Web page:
• resistence is elicited, taking form in “yeah but” responses;
  • parents stop trying to solve problems themselves;
  • parents step out of their role as ‘expert’ on their own child;
  • facilitators do not know the child (i.e., no formal assessment) and may give inappropriate advice; and
  • parents focus on situational solutions instead of using the positive parenting framework taught in the course through which to view and understand their own child’s behaviour.
Facilitators can respond to this frustration by restating it (to demonstrate understanding), by asking if others have similar concerns (to validate the feelings), and by asking the large group what the risks are when facilitators give advice and the benefits of reviewing concepts as a group each time a parenting problem is shared (i.e., considering concepts such as ‘connecting’ with your infant, knowing who they are and what they can do, and building a healthy relationship, becomes automatic and more likely to be used at home).

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10. WHAT IF ARGUMENTS DEVELOP BETWEEN PARTICIPANTS?
While the group provides an important forum for the exchange of ideas, you may need to diffuse heated confrontations. This is particularly important during the early engagement phases of the group’s development when members are concerned that they be accepted by the group. Reluctant group members may find heated debates among more divergent group members quite anxiety-provoking. Disagreements may, for example, develop over issues such as spoiling (“Can a child be too attached?”) versus independence. If an intervention in the group’s discussion is deemed necessary, the facilitator might note that two alternative viewpoints have been proposed and encourage the group to reflect on the course content so far and apply it to the two different approaches. For example,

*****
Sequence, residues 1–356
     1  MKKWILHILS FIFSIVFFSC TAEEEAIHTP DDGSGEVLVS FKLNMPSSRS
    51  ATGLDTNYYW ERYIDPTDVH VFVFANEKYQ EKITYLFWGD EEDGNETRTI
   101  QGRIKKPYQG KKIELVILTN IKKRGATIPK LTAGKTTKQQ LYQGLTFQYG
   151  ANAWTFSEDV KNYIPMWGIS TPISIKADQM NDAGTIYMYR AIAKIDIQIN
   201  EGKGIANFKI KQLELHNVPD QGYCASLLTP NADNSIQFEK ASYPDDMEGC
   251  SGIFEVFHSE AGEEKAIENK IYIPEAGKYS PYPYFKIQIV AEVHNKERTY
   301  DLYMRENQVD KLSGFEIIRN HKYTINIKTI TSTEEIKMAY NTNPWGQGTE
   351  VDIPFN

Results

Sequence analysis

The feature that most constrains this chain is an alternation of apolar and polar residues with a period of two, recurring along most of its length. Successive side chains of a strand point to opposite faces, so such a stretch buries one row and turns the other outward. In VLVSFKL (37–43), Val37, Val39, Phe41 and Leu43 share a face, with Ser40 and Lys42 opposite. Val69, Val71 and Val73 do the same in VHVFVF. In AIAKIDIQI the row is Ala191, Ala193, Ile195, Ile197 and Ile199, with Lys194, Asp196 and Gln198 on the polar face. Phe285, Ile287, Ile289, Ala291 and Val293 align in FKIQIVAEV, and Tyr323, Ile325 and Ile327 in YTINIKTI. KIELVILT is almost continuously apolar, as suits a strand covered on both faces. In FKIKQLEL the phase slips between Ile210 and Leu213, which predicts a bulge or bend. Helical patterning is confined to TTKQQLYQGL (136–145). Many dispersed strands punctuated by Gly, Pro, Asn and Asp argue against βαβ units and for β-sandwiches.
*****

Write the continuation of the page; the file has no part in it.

“How will it make the child feel?”

(See also above regarding spoiling). Note that each member will ultimately decide what style of parenting he/she will adopt. During later sessions, the group will be capable of dealing more effectively with differing points of view.

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11. WHAT IF PARENTS CANNOT ATTEND ALL OF THE SESSIONS OR WISH TO ENROLL AFTER THE FIRST SESSION?
Parents often miss sessions, but facilitators should encourage parents to attend as many sessions as possible because the information is cumulative, and missed sessions early on will make it difficult to grasp concepts discussed in later sessions. It is recommended that parents not be permitted to join the group if they have missed the first two sessions. This is partly because they will have missed too much of the fundamental information to fully understand the more complex concepts, and partly because the addition of new members at or after this point on disrupts the development of a cohesive working group.